These computer program instructions may also be stored in a computer-readable memory that can direct a computer or other programmable data processing apparatus to function in a particular manner, such that the instructions stored in the computer-readable memory produce an article of manufacture including instruction means which implement the function specified in the flowchart block or blocks. The computer program instructions may also be loaded onto a computer or other programmable data processing apparatus to cause a series of operational steps to be performed on the computer or other programmable apparatus to produce a computer implemented process such that the instructions which execute on the computer or other programmable apparatus provide steps for implementing the functions specified in the flowchart block or blocks.
Accordingly, blocks of the block diagrams and flowchart illustrations support combinations of means for performing the specified functions, combinations of steps for performing the specified functions and program instruction means for performing the specified functions. It will also be understood that each block of the block diagrams and flowchart illustrations, and combinations of blocks in the block diagrams and flowchart illustrations, can be implemented by special purpose hardware-based computer systems which perform the specified functions or steps, or combinations of special purpose hardware and computer instructions.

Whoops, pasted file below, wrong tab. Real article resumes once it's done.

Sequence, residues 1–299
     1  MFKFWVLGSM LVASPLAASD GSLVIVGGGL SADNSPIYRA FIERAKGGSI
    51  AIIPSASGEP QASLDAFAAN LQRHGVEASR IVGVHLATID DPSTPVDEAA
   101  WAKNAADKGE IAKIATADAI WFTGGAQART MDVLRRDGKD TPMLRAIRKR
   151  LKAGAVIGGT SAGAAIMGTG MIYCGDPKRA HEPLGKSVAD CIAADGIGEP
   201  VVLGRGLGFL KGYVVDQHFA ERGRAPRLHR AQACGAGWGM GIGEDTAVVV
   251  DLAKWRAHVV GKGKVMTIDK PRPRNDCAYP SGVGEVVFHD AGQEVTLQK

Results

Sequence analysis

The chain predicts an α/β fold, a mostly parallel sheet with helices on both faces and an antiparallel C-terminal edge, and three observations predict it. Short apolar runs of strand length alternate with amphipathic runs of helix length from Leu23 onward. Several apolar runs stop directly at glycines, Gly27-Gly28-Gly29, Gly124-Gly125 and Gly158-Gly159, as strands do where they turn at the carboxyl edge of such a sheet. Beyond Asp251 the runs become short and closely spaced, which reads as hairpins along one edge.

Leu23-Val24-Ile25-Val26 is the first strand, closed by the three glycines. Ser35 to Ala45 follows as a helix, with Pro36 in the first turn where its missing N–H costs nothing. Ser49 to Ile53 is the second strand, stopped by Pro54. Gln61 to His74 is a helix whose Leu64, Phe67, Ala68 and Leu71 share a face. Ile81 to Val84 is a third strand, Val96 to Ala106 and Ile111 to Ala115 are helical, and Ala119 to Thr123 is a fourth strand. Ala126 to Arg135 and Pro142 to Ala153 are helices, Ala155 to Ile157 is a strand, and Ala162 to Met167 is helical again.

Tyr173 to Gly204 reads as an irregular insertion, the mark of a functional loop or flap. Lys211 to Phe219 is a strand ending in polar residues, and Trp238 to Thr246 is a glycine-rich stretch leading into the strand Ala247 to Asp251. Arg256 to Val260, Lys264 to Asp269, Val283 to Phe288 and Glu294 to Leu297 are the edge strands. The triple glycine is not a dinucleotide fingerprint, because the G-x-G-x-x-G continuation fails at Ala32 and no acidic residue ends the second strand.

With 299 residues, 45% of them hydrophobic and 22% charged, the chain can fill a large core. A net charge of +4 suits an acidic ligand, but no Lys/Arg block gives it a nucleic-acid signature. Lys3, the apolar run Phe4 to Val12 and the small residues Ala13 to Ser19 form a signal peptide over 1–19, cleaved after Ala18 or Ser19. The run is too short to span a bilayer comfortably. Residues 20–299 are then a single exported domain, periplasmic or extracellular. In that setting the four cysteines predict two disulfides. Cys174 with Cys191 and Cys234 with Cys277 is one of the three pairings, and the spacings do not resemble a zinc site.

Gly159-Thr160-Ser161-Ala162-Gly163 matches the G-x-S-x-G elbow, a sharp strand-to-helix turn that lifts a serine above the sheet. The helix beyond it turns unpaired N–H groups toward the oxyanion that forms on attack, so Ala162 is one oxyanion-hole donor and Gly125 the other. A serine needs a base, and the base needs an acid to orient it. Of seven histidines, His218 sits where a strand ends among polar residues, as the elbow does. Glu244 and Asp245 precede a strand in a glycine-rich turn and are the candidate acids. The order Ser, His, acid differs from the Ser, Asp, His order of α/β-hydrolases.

The present invention comprises systems, methods and computer program products which enable visualization and interactive pre-acquisition definition of the geometry of a tomographic scan in reference to one or more existing tomographic projections of the subject matter to be imaged. Although it should be appreciated that the present invention will be referred to herein with respect to its implementation using an MRI or similar imaging device that generates images of the anatomy, the present invention is not intended to be limited to these embodiments. Rather, the present invention can be utilized to enable visualization and interactive pre-acquisition definitions of scans of virtually any subject matter performed by any capable imaging device. For instance, acquisition of image data may occur by an imaging device such as an MRI or ultrasound scanner that is capable of generating tomographic maps of certain physical quantities across a volume of interest, or may occur by computer processing of previously acquired data volumes. The latter occurrence can be referred to as reformatting (or reslicing), while acquisition (or scan) may be used to refer to data generation by the imaging device.
The imaging device 210 will typically rely on inputs from the operator to determine how the scan planes must be optimally positioned for any desired purpose. As will be described in detail below, operator-supplied inputs identifying the position of a desired scan geometry are received and parsed by one or more processors into a definition of a set of scan geometry parameters, stored in software. These parameters are stored within a scan geometry module 220 and define the geometry necessary to drive the imaging device 210 in the acquisition of image data. The image data generated by the imaging device 210 is stored in one or more image data databases 230. It will be appreciated by those of ordinary skill in the art that other parameters, in addition to those related to scan geometry, are typically required for a complete scan definition. Nevertheless, these additional parameters are usually dependent upon the type of imaging device 210, and thus, are not considered herein as they are insignificant to the description and scope of the present invention. Further, these additional parameters will be appreciated by one of ordinary skill in the art.